Credit Card Losers

    Because retailers typically raise prices to pay their card fees, you and I helped to pay for Mr. Liu’s rewards points. But if we used a card that offers points for transactions, we still get something in return. Those who pay cash do not.

    And that is the problem.

    The less educated and less affluent you are, the more likely you will pay with cash or a debit card. However, the people who pay with cash or cash equivalents get nothing in return. Consequently, when it comes to credit cards, the poor subsidize the rich.

    More specifically, according to a San Francisco Fed 2014 paper, as we move from an associate’s degree to a bachelor’s degree and beyond, we find an increasing preference for a credit card. Individuals with a four year degree are “three times more likely to prefer credit cards over cash.” Similarly, as we ascend the income ladder, so too does the probability that we will pay with a card. But the higher we go, the more we prefer a credit card over a debit card.

    Our Bottom Line: The Regressive Impact

    When lower income individuals suffer more of a financial hit than those who are wealthier, we can call the impact regressive. In addition, because the effect is felt by third party, it is a negative externality.

    So, when Liu Yiqian used his Amex Card this month to buy a $170 million Modigliani painting, he created a regressive negative externality for those of us who have much less.

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  • The econlife.com economics news summary

    Weekly Roundup: From Fast Food Grades to Movie Reviews

    Nov 14 • Behavioral Economics, Environment, Households, Labor, Macroeconomic Measurement, Money and Monetary Policy, Regulation, Tech, Thinking Economically • 56 Views

    Posts Roundup

    economic news summary and movie inflation Sunday 11.08.15

    When movies have too many stars…more

    animal welfare grades and demand elasticity Monday 11.09.15

    How Starbucks got an “F”…more

    economic news summary and airline productivity Tuesday 11.10.15

    Why baggage can help airline productivity…more

    Economic news summary and Low Unemployment Leads to a War of Economics Wednesday 11.11.15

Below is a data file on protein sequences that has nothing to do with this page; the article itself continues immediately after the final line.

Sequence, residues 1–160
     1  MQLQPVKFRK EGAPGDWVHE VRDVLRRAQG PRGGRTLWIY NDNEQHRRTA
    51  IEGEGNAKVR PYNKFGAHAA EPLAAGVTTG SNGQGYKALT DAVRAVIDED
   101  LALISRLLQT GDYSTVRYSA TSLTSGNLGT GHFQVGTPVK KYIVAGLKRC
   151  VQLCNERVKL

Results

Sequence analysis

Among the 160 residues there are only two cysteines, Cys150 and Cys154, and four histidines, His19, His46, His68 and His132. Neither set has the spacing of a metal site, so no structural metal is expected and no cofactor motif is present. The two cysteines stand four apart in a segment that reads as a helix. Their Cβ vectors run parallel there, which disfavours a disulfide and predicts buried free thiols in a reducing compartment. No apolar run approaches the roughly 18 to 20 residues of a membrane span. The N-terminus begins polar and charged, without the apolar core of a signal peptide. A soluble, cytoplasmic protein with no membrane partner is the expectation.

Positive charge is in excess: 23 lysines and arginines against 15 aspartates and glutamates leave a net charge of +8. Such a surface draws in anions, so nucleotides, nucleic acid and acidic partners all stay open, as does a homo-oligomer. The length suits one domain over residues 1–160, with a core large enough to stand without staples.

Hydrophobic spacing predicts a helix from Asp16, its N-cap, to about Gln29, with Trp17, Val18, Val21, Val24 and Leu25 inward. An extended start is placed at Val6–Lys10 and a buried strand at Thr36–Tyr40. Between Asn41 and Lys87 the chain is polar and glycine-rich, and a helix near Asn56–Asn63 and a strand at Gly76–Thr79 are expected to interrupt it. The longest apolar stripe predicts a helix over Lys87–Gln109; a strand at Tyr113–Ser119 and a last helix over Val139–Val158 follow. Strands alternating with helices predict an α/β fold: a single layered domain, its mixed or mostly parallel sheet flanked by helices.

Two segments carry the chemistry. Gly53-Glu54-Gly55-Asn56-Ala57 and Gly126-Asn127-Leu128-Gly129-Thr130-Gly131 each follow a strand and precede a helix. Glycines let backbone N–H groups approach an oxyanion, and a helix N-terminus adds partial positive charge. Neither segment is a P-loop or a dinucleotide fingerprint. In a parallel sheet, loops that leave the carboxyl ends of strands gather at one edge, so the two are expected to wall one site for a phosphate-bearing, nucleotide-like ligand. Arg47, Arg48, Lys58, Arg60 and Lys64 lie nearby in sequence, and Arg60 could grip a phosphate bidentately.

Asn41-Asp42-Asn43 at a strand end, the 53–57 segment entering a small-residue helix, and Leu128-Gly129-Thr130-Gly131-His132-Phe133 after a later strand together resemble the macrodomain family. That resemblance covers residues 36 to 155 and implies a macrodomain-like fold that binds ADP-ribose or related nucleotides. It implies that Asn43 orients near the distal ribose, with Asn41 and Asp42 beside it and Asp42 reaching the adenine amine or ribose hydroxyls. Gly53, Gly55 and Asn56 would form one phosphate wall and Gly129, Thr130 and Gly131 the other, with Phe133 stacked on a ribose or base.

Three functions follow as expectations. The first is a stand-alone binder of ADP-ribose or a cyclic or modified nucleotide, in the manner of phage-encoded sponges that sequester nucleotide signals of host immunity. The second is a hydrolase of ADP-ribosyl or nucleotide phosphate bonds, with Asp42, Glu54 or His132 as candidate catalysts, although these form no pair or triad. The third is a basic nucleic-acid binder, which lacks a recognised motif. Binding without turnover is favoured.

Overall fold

Deciding when unemployment is too low…more

    economic news summary and singles' day Thursday 11.12.15

    Where Chinese consumers spend money…more


    Bovine Economic news summary, methane and cows Friday 11.13.15

    Meat…a source of global warming…more

    Ideas Roundup

    • inflation
    • demand elasticity
    • tradeoffs
    • innovation
    • productivity
    • physical capital
    • monetary policy
    • interest rates
    • unemployment
    • consumer spending
    • externalities


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  • Bovine Economic news summary, methane and cows

    The Problem With Bovine Burps

    Nov 13 • Behavioral Economics, Demand, Supply, and Markets, Economic Debates, Environment, Government, Households, Innovation, Labor, Lifestyle, Regulation, Thinking Economically • 71 Views

    In 2010, a reader told the the New Yorker Magazine that the artist who drew their May 17th cover “…has the ‘ends’ mixed up.” He was referring to an image of a cow emitting methane from its rear. Instead, the burps are the problem.

    Where are we going? To greenhouse gas emissions.

    Cows and Methane

    Cows burp a lot because of what they eat. Called the rumen, the front section of their four-part stomach is particularly adapted to processing tough to digest fiber-laden substances like grasses. One by-product of the process is hydrogen and carbon dioxide gas which then combine, make methane, and soon are burped into the world. Together, these burps compose slightly more than one-quarter of U.S. methane emissions,